The woman who tried to help Sheikh Mohammed’s daughter escape her oppressive family agonised over what to do with the footage
Tiina Jauhiainen was on holiday at her parents’ house in northern Finland in the spring of 2019 when her phone lit up with a message from a stranger.
The person said they had a message from Princess Latifa Al Maktoum of Dubai, Jauhiainen’s best friend. It was a heart-stopping moment. A year earlier, Jauhiainen, an ice-blonde capoeira instructor then living in the United Arab Emirates (UAE), had been catapulted into a surreal international kidnapping drama after helping Latifa, now 35, to attempt an escape from Dubai.
They had become friends after the princess hired Jauhiainen as a trainer, and they hatched a plan to help Latifa escape the iron control of her father, Sheikh Mohammed Al Maktoum, the ruler of Dubai.
Their attempt to flee across the Indian Ocean ended when Indian and Emirati special forces intercepted them off the coast of Goa. The last time Jauhiainen had seen her friend, she was being dragged off the ship.
Now, with one message, she was back.
“I immediately understood that it was her — really, it was crazy,” Jauhiainen, 44, told me last week. “I couldn’t sleep that night. I was just thinking: ‘Oh, my gosh, oh, my gosh, she really contacted me.’ Because at that point, obviously, I didn’t know where she was, and if she was alive.”
Through smuggled notes she learnt Latifa had been imprisoned in a villa in Dubai. A person — Jauhiainen asked that the details be kept vague — carried messages between them, and eventually they were able to get a phone in so that Latifa could record some video footage.
Last week those videos were shown on the BBC’s Panorama, causing shock around the world. In them Latifa recounts how she fought the soldiers taking her off the boat, biting one Emirati commando’s arm until he screamed, and was then tranquillised and put on a private jet. She described the villa as having barred windows and a police guard. Emirati officials have denied Latifa’s claims and say she is at home with her family.
The decision to release the films was not an easy one. A year after the messages began, they stopped just as abruptly. For months Jauhiainen and her fellow campaigners David Haigh, a British human rights lawyer, and Marcus Essabri, Latifa’s cousin, agonised over whether to go public. “We obviously met, the three of us, several times to discuss it. And we looked at different options. And again, we said, ‘OK, let’s review the situation after another three months,’” Jauhiainen said.
“And then finally we thought, ‘We haven’t heard from her — her situation could have got much worse.’ So we thought, ‘No, we have to do something.’”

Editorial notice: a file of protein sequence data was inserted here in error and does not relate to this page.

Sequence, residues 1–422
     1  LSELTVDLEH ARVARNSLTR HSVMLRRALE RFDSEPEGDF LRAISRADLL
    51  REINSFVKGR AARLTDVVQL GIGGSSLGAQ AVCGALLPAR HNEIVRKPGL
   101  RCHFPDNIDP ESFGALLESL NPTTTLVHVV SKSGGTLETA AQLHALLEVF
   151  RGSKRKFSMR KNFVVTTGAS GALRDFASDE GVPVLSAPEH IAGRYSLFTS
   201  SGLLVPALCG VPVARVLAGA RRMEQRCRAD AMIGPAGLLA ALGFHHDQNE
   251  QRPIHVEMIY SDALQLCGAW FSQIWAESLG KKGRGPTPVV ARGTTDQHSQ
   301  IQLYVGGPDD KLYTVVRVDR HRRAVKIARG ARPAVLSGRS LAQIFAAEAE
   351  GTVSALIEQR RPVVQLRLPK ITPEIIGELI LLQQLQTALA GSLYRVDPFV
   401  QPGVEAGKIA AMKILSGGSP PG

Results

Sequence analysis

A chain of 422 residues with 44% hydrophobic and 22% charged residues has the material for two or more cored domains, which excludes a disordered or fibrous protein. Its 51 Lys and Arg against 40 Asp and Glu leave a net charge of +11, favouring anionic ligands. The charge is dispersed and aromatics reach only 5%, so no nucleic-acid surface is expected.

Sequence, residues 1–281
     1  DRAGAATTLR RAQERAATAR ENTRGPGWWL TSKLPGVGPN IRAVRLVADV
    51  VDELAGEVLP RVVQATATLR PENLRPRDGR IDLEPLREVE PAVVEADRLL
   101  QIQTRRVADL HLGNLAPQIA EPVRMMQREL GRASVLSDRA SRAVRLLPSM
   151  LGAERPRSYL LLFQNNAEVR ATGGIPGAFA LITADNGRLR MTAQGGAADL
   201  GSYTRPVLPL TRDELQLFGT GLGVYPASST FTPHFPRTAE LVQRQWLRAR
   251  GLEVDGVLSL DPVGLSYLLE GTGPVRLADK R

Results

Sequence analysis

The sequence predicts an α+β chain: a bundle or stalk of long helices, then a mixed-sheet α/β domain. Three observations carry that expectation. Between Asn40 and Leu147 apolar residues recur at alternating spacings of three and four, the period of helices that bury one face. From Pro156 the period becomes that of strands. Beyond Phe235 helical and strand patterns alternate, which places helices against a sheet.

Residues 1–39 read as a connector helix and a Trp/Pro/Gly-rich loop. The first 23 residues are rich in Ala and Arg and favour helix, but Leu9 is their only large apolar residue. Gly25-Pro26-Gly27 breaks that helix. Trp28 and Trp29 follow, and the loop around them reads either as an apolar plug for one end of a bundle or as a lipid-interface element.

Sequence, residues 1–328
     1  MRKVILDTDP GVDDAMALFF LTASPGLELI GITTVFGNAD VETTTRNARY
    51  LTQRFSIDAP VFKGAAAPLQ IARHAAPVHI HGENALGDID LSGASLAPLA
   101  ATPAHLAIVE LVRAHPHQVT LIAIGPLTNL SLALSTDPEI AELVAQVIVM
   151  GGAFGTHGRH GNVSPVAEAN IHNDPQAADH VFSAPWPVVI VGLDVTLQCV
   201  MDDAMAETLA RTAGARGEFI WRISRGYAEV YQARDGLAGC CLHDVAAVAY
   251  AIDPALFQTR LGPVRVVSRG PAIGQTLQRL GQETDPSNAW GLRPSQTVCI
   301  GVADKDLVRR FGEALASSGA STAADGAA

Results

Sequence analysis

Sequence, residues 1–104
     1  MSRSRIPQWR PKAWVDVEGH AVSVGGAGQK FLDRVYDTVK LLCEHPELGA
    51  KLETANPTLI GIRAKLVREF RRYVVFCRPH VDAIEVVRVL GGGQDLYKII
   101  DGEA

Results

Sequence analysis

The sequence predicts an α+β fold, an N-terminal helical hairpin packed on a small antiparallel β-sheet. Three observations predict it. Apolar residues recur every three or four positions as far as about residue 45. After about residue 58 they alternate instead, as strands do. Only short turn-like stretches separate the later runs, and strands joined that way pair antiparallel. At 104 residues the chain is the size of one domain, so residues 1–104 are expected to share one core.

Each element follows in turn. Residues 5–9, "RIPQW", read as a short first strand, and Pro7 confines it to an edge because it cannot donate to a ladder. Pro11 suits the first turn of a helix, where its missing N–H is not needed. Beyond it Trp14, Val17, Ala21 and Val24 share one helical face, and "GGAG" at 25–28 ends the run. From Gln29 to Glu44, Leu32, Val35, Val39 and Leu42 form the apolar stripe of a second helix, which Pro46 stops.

The extraordinary story really began in 2000, when Latifa’s older sister Shamsa — then a horse-mad 18-year-old — escaped from the family’s Longcross estate in Surrey. In 2019 I met Shamsa’s cousin Essabri in London, where he showed me a letter she had sent him in 1999, in which she described her dreams of freedom in girlish, rounded blue ballpoint. Those dreams didn’t last long. A few weeks after her escape, she was kidnapped from a street in Cambridge by agents sent by her father.
At 16, Latifa tried to escape for the first time and got as far as the Emirati border with Oman. According to a video recorded prior to her escape attempt and released in 2018, after her capture, she was brutally abused and beaten for three years. When she was released from jail, at 19, she still wasn’t free. She was unable to leave Dubai, or do anything apart from eat, watch TV and shop, without the approval of her family. She took up skydiving, which gave her a taste of freedom.
Her life changed when she hired Jauhiainen. Along with Hervé Jaubert, a Frenchman who claimed to have a background in espionage, the two women formed an escape plan.
After the special forces raid, Jauhiainen was taken to a Dubai jail, where she was interrogated for two weeks before being sent back to Finland and barred from ever returning. When the story began to emerge, I called a contact close to the Emirati royal court, expecting him to laugh it off. No, he said, it really happened.
I booked a flight to northern Finland. Jauhiainen came to meet me at a lakeside restaurant. She told me that all Latifa had ever wanted was a quiet, simple life. “She would seek asylum and then find work,” Jauhiainen said.
She hasn’t stopped trying to help her friend since then. When we spoke last week, she was exhausted from a full day of TV interviews. Having released the videos, she is racked with fear that Latifa’s family could hurt her — or the person who helped pass the messages — as a punishment.
“At this point, I’m hoping it was the right decision that will eventually help us get her free,” she said. “Because otherwise, yeah, I don’t want to regret that we’ve done something to actually make her situation worse.”
It’s still unclear whether their plan has worked. Last week Dominic Raab, the foreign secretary, said the footage was “deeply troubling”, and the UN is preparing to raise the case with the UAE. Yet both were already well aware of the tale of the missing princesses.
The UAE is, in the official parlance, a vital strategic partner to the UK. Latifa’s father is a leading racehorse breeder and, through his Godolphin stables, owns swathes of Newmarket in Suffolk. He has previously given promising yearlings to the Queen, a close friend.
Many Emiratis I’ve spoken to just don’t see why Latifa’s story is such a big deal. Their own fawning press has not picked up the story of the missing princesses. One prominent Emirati, when I asked him about Latifa, looked at me with incredulity.
“Women run away all the time,” he said. “All over the world. They run away, and they’re brought back.” It was, the inevitable comment came, a family matter. Did we British have no respect for the sanctity of family life — particularly in the royal family? I told him to watch The Crown.